When Ashleigh Tuala and her husband Liva installed a 140,000-litre tank on their Henty property, they thought they were "doing the right thing", but months of drought have seen the family forced to pay thousands of dollars for water deliveries.
The Tuala family had a transportable home built on their 10-hectare property at Henty almost two years ago and decided to install water tanks and solar power.
"We wanted to be a bit more self-sufficient," Mrs Tuala said.
"Plus, if we wanted to get town water connected, it was going to be nearly $20,000 and power was going to cost more than $100,000. So, we went with solar and we went with tanks.
"We have lived here for a year and a half and we've barely had any rain."
Since they moved in, the Tualas have spent about $8000 on water. A $500 delivery provides enough water to quarter-fill their tank and lasts for about three months, although with summer coming, it is likely to be even less.
"People think because it's green in the area it's OK, but we're not getting rain," Mrs Tuala said.
"We went into Wagga the other day, and I heard they got 25mm. It was so heavy, but as soon as you hit The Rock and outwards this way, there was barely any rain. It maybe rained here for half an hour straight and that was it.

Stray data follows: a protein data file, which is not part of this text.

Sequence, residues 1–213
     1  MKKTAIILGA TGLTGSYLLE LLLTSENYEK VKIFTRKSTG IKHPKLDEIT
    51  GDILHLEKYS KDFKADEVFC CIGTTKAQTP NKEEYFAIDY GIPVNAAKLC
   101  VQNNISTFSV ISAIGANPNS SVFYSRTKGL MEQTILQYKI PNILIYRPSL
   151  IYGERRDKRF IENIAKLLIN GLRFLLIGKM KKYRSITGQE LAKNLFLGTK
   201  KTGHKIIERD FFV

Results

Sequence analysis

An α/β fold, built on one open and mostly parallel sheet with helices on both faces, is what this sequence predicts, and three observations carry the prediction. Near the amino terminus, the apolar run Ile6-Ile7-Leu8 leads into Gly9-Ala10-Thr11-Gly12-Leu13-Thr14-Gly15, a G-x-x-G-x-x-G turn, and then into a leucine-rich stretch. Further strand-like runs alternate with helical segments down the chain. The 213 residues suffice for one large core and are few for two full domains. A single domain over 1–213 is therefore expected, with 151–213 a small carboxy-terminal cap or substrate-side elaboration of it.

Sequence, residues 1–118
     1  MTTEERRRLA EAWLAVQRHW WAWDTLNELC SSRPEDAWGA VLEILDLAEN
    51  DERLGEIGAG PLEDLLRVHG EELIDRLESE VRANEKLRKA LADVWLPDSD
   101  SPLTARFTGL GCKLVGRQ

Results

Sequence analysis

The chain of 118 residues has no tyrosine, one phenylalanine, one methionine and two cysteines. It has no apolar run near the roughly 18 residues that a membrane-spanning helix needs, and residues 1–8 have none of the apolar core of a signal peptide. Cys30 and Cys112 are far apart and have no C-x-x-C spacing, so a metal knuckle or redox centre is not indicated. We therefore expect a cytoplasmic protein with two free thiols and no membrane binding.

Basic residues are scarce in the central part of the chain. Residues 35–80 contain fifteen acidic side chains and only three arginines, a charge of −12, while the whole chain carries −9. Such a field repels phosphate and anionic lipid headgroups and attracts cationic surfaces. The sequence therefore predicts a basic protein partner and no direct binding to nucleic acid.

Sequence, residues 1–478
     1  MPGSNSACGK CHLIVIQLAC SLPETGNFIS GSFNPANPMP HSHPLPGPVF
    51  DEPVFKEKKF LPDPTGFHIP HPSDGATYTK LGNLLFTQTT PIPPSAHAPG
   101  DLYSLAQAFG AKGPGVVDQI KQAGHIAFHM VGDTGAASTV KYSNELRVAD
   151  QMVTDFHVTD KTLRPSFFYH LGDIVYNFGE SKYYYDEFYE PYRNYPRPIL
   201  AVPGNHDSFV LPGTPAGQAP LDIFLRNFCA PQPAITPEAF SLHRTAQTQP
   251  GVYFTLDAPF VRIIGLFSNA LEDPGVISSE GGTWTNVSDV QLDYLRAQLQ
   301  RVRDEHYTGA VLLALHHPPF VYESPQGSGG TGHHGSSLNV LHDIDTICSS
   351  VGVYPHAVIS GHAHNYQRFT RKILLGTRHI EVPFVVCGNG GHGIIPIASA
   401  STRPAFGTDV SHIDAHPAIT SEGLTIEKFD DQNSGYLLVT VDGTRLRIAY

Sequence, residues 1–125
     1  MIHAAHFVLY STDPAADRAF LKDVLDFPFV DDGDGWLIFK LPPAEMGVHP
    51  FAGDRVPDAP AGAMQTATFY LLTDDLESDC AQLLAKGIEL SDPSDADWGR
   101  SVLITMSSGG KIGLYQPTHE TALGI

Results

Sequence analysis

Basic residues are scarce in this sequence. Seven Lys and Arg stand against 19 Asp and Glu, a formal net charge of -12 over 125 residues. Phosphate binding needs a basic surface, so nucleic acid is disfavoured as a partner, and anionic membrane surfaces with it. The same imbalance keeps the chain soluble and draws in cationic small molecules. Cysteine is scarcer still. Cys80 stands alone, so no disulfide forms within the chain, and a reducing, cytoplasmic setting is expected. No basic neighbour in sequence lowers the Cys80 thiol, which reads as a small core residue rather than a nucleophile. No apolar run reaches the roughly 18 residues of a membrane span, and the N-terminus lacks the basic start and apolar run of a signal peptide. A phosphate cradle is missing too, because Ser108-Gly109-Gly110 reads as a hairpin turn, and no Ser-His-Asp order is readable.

"It's really hard. We just want it to rain."
Mrs Tuala has six children, four of whom still live at home.
She said the family is being extremely conservative with water use.
"We don't have a dishwasher. We only fill the sink halfway to wash up. Everyone has two-minute showers," Mrs Tuala said.
"We just keep saying to the kids 'it's going to break, it's got to break sooner or later', but it's not coming."
The family has some sheep and horses on their property and Mrs Tuala said they can drink the equivalent of about two bathtubs of water each day.
"I've considered selling my animals because they're obviously going to need more water in summer to drink, but at the same time, I need them to keep eating the grass and weeds down," she said.
Cal Graham from Water 2 U, which provides deliveries, said prior to the weekend's rain, "the drought was starting to bite pretty savagely".
"We haven't really had a decent amount of rain in two years and in some places it's been very minimal," he said.
Mr Graham said he is noticing an increasing number of deliveries to properties that had, in the past, relied on tanks or to newly established homes that were intended to depend on this water, but had simply not had rain.
He has had calls from people all over NSW, asking for deliveries of water.